United States District Court, D. Arizona
G. Campbell United States District Judge.
multidistrict litigation proceeding (“MDL”)
involves thousands of personal injury cases brought against
Defendants C. R. Bard, Inc. and Bard Peripheral Vascular,
Inc. (collectively, “Bard”). Bard manufactures
and markets medical devices, including inferior vena cava
(“IVC”) filters. The MDL Plaintiffs have received
implants of Bard IVC filters and claim that they are
defective and have caused Plaintiffs to suffer serious injury
case brought by Doris and Alfred Jones has been selected as
one of several bellwether cases and is set for trial in May
2018. Defendants have filed a motion for partial summary
judgment. Doc. 7351. The motion is fully briefed, and the
parties agree that oral argument is not necessary. For
reasons set forth below, the Court will grant the motion in
part and deny it in part.
is a large vein that returns blood to the heart from the
lower body. An IVC filter is a small metal device implanted
in the IVC to catch blood clots before they reach the heart
and lungs. This MDL involves seven different versions of Bard
IVC filters - the Recovery, G2, G2 Express, G2X, Eclipse,
Meridian, and Denali. They are spider-like devices that have
multiple limbs fanning out from a cone-shaped head. The limbs
consist of legs with elastic hooks that attach to the IVC
wall and curved arms that serve to catch or break up blood
clots. Each of these filters is a variation of its
Plaintiffs allege that Bard filters are more dangerous than
other IVC filters because they have higher risks of tilting,
perforating the IVC, or fracturing and migrating to vital
organs. Plaintiffs further allege that Bard failed to warn
physicians and patients about these higher risks. Plaintiffs
assert a host of state law claims and seek both compensatory
and punitive damages. Defendants dispute Plaintiffs'
allegations, contending that Bard filters are safe and
effective, that their complication rates are low and
comparable to those of other IVC filters, and that the
medical community is aware of the risks associated with IVC
Plaintiffs Doris and Alfred Jones.
August 2010, before gastrointestinal surgery, Doris Jones was
implanted with an Eclipse filter due to recurrent deep vein
thrombosis. Dr. Anthony Avino implanted the filter without
incident. In April 2015, Mrs. Jones went to the emergency
room with complaints of lightheadedness and arm pain. A chest
scan revealed a fractured filter limb that had embolized in
the right pulmonary artery. The filter was removed but the
fractured limb remains in place.
Jones and her husband assert various claims under Georgia
law, some of which have been withdrawn. The following claims
remain: failure to warn (Counts II and VII), design defects
(Counts III and IV), misrepresentation (Counts VIII and XII),
negligence per se (Count IX), fraudulent concealment (Count
XIII), consumer fraud and unfair trade practices (Count XIV),
loss of consortium (Count XV), and punitive damages.
See Doc. 364 (master complaint); Doc. 1,
CV-16-00782-PHX-DGC (short-form complaint).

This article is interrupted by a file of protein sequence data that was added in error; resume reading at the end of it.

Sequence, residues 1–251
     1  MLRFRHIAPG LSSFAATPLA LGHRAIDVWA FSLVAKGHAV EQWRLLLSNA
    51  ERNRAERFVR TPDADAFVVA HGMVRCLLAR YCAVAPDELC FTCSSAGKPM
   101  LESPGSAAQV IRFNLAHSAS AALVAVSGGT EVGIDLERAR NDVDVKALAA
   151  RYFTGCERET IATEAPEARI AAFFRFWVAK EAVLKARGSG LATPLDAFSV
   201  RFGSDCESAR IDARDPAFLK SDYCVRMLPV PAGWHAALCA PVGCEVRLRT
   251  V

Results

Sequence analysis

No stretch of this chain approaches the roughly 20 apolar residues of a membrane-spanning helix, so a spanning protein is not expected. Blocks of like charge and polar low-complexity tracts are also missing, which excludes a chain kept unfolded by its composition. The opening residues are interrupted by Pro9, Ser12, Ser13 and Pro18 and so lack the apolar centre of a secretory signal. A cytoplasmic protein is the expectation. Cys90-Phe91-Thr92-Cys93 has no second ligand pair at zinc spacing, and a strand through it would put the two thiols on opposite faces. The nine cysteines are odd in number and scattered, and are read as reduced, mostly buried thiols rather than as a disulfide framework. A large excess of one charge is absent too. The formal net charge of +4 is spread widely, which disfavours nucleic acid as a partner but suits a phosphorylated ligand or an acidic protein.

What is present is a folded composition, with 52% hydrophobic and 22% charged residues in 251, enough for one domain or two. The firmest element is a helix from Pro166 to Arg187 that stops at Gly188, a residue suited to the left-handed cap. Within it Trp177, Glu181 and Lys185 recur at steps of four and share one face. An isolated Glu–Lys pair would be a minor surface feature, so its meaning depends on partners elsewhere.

seek summary judgment on the failure to warn,
misrepresentation, negligence per se, consumer fraud and
unfair trade practices, and punitive damages claims. Doc.
7351 at 3. Plaintiffs concede that summary judgment is proper
on the consumer fraud and unfair trade practices claim. Doc.
7943 at 2 n.1. The Court will grant summary judgment on that
claim and the misrepresentation and negligence per se claims.
The Court will deny summary judgment on the failure to warn
and punitive damages claims.
Summary Judgment Standard.
seeking summary judgment “bears the initial
responsibility of informing the court of the basis for its
motion, and identifying those portions of [the record] which
it believes demonstrate the absence of a genuine issue of
material fact.” Celotex Corp. v. Catrett, 477
U.S. 317, 323 (1986). Summary judgment is appropriate if the
moving party shows that there is no genuine dispute as to any
material fact and the movant is entitled to judgment as a
matter of law. Fed.R.Civ.P. 56(a). Only disputes over facts
that might affect the outcome of the suit will preclude the
entry of summary judgment, and the disputed evidence must be
“such that a reasonable jury could return a verdict for
the nonmoving party.” Anderson v. Liberty Lobby,
Inc., 477 U.S. 242, 248 (1986). The evidence must be
viewed in the light most favorable to the nonmoving party,
Matsushita Elec. Indus. Co. v. Zenith Radio Corp.,
475 U.S. 574, 587 (1986), and all justifiable inferences are
drawn in that party's favor because “[c]redibility
determinations, the weighing of evidence, and the drawing of
inferences from the facts are jury functions, ”
Anderson, 477 U.S. at 255.
Failure to Warn (Counts II and VII).
law applies in this case because the alleged injuries
occurred in Georgia and Plaintiffs lived there when their
complaint was filed. Doc. 7351 at 5; Doc. 1 ¶¶ 4-6,
CV-16-00782-PHX-DGC. To establish a failure to warn claim
under Georgia law, “the plaintiff must show that the
defendant had a duty to warn, the defendant breached that
duty and the breach was the proximate cause of the
plaintiff's injury.” Wheat v. Sofamor, S.
N.C. , 46 F.Supp.2d 1351, 1362 (N.D.Ga. 1999).